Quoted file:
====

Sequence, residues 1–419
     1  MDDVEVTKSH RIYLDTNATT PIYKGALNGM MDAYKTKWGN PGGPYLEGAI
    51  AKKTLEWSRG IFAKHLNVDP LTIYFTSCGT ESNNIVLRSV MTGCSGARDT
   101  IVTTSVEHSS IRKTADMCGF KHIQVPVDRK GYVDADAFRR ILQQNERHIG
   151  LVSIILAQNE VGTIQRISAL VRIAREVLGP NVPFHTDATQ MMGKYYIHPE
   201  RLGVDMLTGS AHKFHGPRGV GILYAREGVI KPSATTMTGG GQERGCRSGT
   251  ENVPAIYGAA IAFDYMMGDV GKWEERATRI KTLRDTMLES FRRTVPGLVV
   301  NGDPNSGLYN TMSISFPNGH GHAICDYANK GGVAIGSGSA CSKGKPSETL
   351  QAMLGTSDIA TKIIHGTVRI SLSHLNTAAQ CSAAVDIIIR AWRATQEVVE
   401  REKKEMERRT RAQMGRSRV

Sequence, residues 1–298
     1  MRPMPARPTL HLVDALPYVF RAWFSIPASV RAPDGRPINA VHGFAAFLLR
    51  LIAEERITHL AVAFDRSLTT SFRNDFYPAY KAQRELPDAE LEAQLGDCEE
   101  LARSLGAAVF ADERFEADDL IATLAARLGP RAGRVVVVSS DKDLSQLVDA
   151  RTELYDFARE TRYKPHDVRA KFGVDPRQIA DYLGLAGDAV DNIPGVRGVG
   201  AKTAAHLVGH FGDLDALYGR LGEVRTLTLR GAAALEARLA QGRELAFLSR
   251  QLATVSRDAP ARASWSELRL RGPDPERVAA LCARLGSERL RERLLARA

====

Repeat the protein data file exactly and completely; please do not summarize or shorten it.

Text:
Sequence, residues 1–419
     1  MDDVEVTKSH RIYLDTNATT PIYKGALNGM MDAYKTKWGN PGGPYLEGAI
    51  AKKTLEWSRG IFAKHLNVDP LTIYFTSCGT ESNNIVLRSV MTGCSGARDT
   101  IVTTSVEHSS IRKTADMCGF KHIQVPVDRK GYVDADAFRR ILQQNERHIG
   151  LVSIILAQNE VGTIQRISAL VRIAREVLGP NVPFHTDATQ MMGKYYIHPE
   201  RLGVDMLTGS AHKFHGPRGV GILYAREGVI KPSATTMTGG GQERGCRSGT
   251  ENVPAIYGAA IAFDYMMGDV GKWEERATRI KTLRDTMLES FRRTVPGLVV
   301  NGDPNSGLYN TMSISFPNGH GHAICDYANK GGVAIGSGSA CSKGKPSETL
   351  QAMLGTSDIA TKIIHGTVRI SLSHLNTAAQ CSAAVDIIIR AWRATQEVVE
   401  REKKEMERRT RAQMGRSRV

Sequence, residues 1–298
     1  MRPMPARPTL HLVDALPYVF RAWFSIPASV RAPDGRPINA VHGFAAFLLR
    51  LIAEERITHL AVAFDRSLTT SFRNDFYPAY KAQRELPDAE LEAQLGDCEE
   101  LARSLGAAVF ADERFEADDL IATLAARLGP RAGRVVVVSS DKDLSQLVDA
   151  RTELYDFARE TRYKPHDVRA KFGVDPRQIA DYLGLAGDAV DNIPGVRGVG
   201  AKTAAHLVGH FGDLDALYGR LGEVRTLTLR GAAALEARLA QGRELAFLSR
   251  QLATVSRDAP ARASWSELRL RGPDPERVAA LCARLGSERL RERLLARA